Date rape drug used by meth dealer, Crown claims

April 10, 2017 | By More

The Crown alleges the date rape drug GHB may have been used on a woman by her meth dealer before he raped her in her Greymouth home.

The woman began giving her account of the alleged sex attack in early 2014 on the first day of the trial of the 31-year-old meth dealer before Judge Brian Callaghan and a jury in the Christchurch District Court today.

But the man’s defence counsel Marcus Zintl told the jury that the man said the offending never happened, and the allegations arose from the woman’s own methamphetamine addiction.

The allegation arose at a time when she had smoke P, or pure methamphetamine, and she had continued smoking it afterwards.

“The complainant has either hallucinated the incident as a result of smoking methamphetamine, or has false memory as a result of smoking methamphetamine, or she is lying,” Mr Zintl said.

The defence would call expert evidence from a forensic psychiatrist who would say that consumption of P could adversely affect and person’s perception and memory, and consumption afterwards could also affect memory. It was not unusual for people using the drug to have hallucinations.

The jury was told as the trial began that the man had admitted dealing in methamphetamine and had been been dealt with by the courts for that.

The man, who has interim name suppression, denies charges of stupefying the woman with intent to sexually violate her, and raping her, in a trial expected to last about four days.

Prosecutor Andrew McRae told the jury: “The Crown alleges he administered a drug that was likely the date rape drug GHB with the intention that it would facilitate the intended rape.”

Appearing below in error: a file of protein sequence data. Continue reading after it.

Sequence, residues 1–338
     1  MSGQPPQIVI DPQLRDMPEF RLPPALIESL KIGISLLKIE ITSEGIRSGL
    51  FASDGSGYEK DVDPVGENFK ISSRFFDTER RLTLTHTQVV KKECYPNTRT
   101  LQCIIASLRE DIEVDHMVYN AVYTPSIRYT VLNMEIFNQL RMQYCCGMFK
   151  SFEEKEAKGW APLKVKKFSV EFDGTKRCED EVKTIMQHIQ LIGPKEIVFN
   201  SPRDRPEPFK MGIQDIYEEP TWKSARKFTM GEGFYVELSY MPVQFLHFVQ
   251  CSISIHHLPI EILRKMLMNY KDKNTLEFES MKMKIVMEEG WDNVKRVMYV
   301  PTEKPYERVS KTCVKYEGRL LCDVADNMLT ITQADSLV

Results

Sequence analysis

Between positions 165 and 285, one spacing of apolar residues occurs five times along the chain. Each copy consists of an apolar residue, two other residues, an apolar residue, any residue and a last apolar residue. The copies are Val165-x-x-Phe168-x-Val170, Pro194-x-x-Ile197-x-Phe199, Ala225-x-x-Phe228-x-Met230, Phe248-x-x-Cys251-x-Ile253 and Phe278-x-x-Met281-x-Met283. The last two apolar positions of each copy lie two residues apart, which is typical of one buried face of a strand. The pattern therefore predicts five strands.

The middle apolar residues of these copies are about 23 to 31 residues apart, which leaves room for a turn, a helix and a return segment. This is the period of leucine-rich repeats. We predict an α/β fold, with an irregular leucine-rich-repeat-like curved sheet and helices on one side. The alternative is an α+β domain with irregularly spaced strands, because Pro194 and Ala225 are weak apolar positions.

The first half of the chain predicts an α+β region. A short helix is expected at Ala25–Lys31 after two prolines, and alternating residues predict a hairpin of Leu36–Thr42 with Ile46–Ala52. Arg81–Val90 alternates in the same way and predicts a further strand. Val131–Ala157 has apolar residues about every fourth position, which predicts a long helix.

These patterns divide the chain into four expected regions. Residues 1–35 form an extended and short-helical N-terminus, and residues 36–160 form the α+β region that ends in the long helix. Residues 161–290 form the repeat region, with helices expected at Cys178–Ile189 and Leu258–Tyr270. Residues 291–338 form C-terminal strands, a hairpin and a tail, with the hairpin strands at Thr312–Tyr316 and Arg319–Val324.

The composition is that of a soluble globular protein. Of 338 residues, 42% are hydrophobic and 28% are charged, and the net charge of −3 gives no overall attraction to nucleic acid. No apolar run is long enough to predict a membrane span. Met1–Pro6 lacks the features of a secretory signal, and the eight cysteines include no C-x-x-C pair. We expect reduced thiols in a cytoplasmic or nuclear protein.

The man had regularly supplied the woman with methamphetamine and cannabis, and they had taken drugs together but they had no relationship.

When the man went to her house on this day early in 2014, they made hot drinks and then the woman went outside for a cigarette. When she went back inside and drank her hot drink, she began feeling tired, sick, and weak.

She alleged the man then attacked her, in a struggle that broke her ranchslider door and smashed the lock. He then pinned her down, removed her pants, and raped her while she struggled and said “No”, Mr McRae said.

A consultant toxicologist would give evidence that GHB was a drug that affected the central nervous system. It was a powder which dissolved into liquids, or was in liquid form in vials or small bottles.

It would take effect in 10 to 20 minutes, causing a loss of muscle tone, loss of inhibitions, relaxation, slowed heart rate and respiration.

It had a soapy or salty taste but when put in a drink it was difficult to detect. “When administered it can incapacitate a person and make them very vulnerable,” Mr McRae said.

Its effects were the opposite of methamphetamine, which was an “upper” which caused a rush or a high. The woman was a regular P user, who knew the effects of that drug.

The woman did not make a complaint for a year, after the police heard rumours and approached her about it. She had photographed the bruising on her body that she received in the struggle with the man and had texted the photo to people who would be called to give evidence.

Mr McRae said: “The Crown says he drugged her so that he could have sex with her. What he did not take into account was that she would remember what happened.”

The trial is continuing.

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